Sable brown makes a house feel far more substantial and represents a more stand-out statement than most other neutrals. The shade does best when paired with white or ivory trim and red, blue, black, or yellow shutters and door.
Shades of gray are among the more popular neutrals, giving a house a stately feel. Dark grays pair best with creams, ivories, and blues. Paler grays match most styles of stone facing fairly well, too.
Dark blue-grays give a house a sense of serenity and can do well with a vaguely nautical design. Blue-gray best complements a simple white trim.
A light desaturated blue works best on Victorian-style housing but can do well even on more modern architecture. The best accent colors are white, cream, or a dark reddish-brown like mahogany.
Yellow can be a tricky but potentially effective shade. Too bright, and it turns into an eyesore. Paler shades work best in most styles, though mustard yellow can go well on smaller houses. Pale yellow is best complemented by a white or light ivory trim, while mustard yellow pairs especially well with dark brown, wood-toned accents.
Wheat, a buttery shade in between yellow and cream, gives a house a warm, inviting feeling. It goes best with dark brown and gray-blue accents.
Cypress green straddles the divide between gray and green, giving it a neutral feel with all the personality of a more saturated shade. White trim with shutters in dark gray or black will show this shade off at its best.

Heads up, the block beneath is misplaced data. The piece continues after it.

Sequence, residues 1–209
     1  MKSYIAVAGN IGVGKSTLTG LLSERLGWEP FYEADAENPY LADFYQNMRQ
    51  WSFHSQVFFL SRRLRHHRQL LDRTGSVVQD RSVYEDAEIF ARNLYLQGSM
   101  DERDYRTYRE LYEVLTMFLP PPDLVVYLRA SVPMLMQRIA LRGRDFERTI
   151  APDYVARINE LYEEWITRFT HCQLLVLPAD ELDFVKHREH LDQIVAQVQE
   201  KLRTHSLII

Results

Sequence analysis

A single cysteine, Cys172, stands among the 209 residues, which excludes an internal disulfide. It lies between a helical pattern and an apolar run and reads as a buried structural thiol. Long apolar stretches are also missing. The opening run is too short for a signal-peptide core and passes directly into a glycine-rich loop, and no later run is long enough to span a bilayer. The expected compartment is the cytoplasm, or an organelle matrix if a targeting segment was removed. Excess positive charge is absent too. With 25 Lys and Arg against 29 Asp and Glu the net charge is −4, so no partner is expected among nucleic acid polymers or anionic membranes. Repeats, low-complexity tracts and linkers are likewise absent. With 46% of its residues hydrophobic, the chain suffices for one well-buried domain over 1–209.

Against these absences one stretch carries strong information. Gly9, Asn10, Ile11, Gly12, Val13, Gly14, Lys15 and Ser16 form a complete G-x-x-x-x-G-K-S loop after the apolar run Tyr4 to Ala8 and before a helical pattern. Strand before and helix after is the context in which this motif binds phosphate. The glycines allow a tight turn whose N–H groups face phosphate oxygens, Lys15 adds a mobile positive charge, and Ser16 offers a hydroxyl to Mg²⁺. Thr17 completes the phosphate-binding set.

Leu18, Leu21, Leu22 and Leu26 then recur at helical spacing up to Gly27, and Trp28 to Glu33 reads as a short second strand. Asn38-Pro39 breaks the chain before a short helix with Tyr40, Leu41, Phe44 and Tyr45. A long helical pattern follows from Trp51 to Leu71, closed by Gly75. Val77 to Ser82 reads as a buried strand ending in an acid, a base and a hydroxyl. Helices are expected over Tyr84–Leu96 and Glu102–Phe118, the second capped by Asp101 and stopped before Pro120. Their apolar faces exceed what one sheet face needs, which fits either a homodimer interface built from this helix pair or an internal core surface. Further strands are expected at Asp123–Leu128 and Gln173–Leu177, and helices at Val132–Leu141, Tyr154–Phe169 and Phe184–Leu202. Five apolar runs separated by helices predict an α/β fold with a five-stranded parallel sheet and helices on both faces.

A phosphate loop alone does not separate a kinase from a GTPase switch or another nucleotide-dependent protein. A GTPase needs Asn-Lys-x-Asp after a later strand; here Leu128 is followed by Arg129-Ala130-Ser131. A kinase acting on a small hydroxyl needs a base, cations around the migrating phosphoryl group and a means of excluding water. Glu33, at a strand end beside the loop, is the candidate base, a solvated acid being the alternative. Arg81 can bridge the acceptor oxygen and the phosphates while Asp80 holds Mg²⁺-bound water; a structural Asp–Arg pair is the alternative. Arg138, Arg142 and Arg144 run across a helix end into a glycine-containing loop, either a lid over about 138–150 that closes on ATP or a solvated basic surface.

Forest green is an older color, popular on historic homes. It works best with a trim in a darker ivory or cream, plus shutters in dark gray or brown.
Lighthouse red takes the opposite approach to most paint colors, popping out and drawing the eye rather than blending in. Slate gray and white are two of the only accent colors that work with rather than fighting against this bold shade.
Regardless of the color palate you decide upon, remember to have fun with it and allow the colors to help tell the story of your home. Exterior colors work together with the architecture to create a powerful first impression among visiting friends, family, and neighbors. Your home’s colors can reflect who you are, and the aesthetics you value. Get inspiration from neighbors and your community at large, and take your time in selecting colors that will help to make your house into a home.